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Institute of Medicine Recommends Free Birth Control, Other Preventive Services for Women

Jul 26, 2011 - 7 comments
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Last week the Institute of Medicine (IOM) released a report that included a list of recommended preventive health services for women that should be covered by health insurance plans at zero additional cost to the patient.

The IOM is an independent, non-profit organization that serves as the health and medicine arm of the National Academies. The organization identified gaps in the existing government recommendations on women’s preventive care. It reviewed and added to these recommendations based on whether the condition to be prevented has a large impact on women’s health and well-being, affects a significant number of women, and the preventive service has been strongly demonstrated to be effective.

Here’s the list of recommended services, from the IOM press release (http://goo.gl/lCZ30):
Screening for gestational diabetes
Human Papilloma Virus (HPV) testing as part of cervical cancer screening for women over 30
Counseling on sexually transmitted infections
Counseling and screening for HIV
Contraceptive methods and counseling to prevent unintended pregnancies
Lactation counseling and equipment to promote breast-feeding
Screening and counseling to detect and prevent interpersonal and domestic violence
Yearly well-woman preventive care visits to obtain recommended preventive services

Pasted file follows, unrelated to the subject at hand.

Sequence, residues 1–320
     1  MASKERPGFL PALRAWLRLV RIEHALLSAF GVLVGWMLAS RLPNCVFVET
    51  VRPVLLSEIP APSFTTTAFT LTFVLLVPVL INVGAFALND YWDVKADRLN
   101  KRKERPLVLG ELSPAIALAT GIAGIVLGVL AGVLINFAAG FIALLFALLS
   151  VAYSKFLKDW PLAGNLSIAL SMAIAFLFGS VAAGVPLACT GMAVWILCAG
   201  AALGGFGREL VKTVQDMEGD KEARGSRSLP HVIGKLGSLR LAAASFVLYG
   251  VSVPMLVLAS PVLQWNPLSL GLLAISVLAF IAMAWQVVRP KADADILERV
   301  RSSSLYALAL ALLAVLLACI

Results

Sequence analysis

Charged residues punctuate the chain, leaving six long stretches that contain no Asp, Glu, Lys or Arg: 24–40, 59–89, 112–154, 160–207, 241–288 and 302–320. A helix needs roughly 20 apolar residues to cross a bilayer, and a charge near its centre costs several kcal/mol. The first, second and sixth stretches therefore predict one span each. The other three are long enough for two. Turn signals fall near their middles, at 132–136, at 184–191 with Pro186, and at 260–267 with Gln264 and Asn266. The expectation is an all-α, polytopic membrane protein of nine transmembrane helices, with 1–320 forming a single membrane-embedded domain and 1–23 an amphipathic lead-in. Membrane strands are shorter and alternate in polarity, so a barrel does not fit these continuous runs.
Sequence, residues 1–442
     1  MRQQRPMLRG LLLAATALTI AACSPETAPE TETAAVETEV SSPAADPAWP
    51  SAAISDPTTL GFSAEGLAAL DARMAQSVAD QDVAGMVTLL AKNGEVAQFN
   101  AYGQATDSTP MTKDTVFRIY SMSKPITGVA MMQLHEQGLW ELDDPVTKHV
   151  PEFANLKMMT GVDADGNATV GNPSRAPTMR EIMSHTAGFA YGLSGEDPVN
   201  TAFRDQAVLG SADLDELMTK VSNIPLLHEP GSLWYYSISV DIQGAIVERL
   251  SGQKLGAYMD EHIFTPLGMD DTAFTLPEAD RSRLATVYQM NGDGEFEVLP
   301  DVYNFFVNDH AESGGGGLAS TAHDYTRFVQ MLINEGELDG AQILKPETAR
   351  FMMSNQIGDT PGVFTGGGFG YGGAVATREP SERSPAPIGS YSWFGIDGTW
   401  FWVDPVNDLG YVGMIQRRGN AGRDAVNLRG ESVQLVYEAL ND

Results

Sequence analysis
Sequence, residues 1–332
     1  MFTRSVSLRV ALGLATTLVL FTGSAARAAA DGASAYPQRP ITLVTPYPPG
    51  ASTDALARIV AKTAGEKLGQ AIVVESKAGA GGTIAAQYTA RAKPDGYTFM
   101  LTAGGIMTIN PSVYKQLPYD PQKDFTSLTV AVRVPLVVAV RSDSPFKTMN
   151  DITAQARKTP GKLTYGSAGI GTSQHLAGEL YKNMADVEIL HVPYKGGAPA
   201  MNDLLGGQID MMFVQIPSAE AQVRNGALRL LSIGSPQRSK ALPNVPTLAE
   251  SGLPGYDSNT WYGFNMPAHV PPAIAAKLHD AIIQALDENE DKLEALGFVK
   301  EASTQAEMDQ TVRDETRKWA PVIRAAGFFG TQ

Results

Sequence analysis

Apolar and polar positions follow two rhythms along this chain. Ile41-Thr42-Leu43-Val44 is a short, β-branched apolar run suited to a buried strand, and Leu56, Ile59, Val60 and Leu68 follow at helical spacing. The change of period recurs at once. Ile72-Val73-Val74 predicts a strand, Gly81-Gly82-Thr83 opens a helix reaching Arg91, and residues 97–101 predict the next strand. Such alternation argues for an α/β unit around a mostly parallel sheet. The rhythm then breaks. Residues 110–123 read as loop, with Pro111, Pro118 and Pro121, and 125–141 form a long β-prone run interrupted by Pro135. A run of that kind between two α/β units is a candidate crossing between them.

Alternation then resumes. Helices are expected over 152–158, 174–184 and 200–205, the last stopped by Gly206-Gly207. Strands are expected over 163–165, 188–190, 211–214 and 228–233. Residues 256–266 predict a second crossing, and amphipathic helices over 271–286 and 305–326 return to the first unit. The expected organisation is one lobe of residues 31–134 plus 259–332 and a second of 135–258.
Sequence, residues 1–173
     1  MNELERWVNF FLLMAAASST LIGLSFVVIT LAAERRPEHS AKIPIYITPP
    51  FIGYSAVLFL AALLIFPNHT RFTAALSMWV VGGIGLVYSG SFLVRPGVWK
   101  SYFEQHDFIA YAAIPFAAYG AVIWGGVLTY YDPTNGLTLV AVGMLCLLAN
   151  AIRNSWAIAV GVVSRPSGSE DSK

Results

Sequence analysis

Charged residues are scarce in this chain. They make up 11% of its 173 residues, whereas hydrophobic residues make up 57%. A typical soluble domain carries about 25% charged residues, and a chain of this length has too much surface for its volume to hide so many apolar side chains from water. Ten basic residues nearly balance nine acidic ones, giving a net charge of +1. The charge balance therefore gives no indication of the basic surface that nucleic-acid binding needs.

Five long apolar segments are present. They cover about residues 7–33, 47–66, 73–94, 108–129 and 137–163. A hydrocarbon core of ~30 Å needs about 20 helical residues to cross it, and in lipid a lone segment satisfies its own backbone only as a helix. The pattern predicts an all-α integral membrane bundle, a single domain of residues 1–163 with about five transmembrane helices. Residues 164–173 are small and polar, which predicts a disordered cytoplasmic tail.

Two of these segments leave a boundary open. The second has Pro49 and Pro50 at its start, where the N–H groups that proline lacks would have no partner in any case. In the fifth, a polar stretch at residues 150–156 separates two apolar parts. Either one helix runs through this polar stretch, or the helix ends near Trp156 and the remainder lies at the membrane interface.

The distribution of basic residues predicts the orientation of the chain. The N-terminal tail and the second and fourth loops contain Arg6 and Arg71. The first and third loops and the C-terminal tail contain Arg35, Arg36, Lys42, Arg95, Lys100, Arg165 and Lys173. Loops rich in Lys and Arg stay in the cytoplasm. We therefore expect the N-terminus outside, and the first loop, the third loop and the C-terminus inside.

The guidelines, if they are approved, would be a significant step forward in women’s health, since eliminating co-pays would greatly enhance the accessibility of these important measures that help prevent chronic disease and enhance overall well-being.

A lot of media attention has been given to the possibility of full coverage for birth control. A lot of insurance plans currently cover birth control, but only partially, with co-pays sometimes reaching about $50 per month, which not all women can afford.

Statistics say that almost half of all the pregnancies (about 3 million) in the United States are unplanned - one of the highest rates in the developed world. According to the IOM report, “Women with unintended pregnancies are more likely to receive delayed or no prenatal care and to smoke, consume alcohol, be depressed, and experience domestic violence during pregnancy.  Unintended pregnancy also increases the risk of babies being born preterm or at a low birth weight, both of which raise their chances of health and developmental problems.” Letting women plan their pregnancies by improving access to birth control methods by eliminating co-pay and providing counseling on proper usage is definitely a step in the right direction.

The report was sponsored by the US Department of Health and Human Services (HHS) which will be reviewing the recommendations to come up with the official list of essential preventive care services for women. These services will be covered with no co-pay by new insurance plans under the Patient Protection and Affordable Care Act of 2010. According to an article on the Ms. Magazine blog (http://goo.gl/QSR0E), if HHS secretary Kathleen Sebellius approves and posts these guidelines, “after a one year waiting period new insurance plans will be required to cover these preventative health measures for women... By 2018, the rules will be applied to all insurance plans.”

The HHS will review the IOM’s report and will most likely release the official guidelines on women’s preventive care by August 2.

What do you think of the report? Are there any preventive health services for women you think the IOM missed? Sound off in the comments!

Comments
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by ChitChatNine, Jul 27, 2011
*  Mammograms should also be on the list!

Great info - I wasn't aware of this.  Please keep us posted and everyone ---- add to the list!!!!

C~

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by adgal, Jul 27, 2011
I too think this is such a good idea.  I would add Papp smears (or is that there and I missed it?) and education on breast self exam's.  I know that's one of the important things I was taught as a young women.  Can save lives.

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by LivingInHope, Jul 28, 2011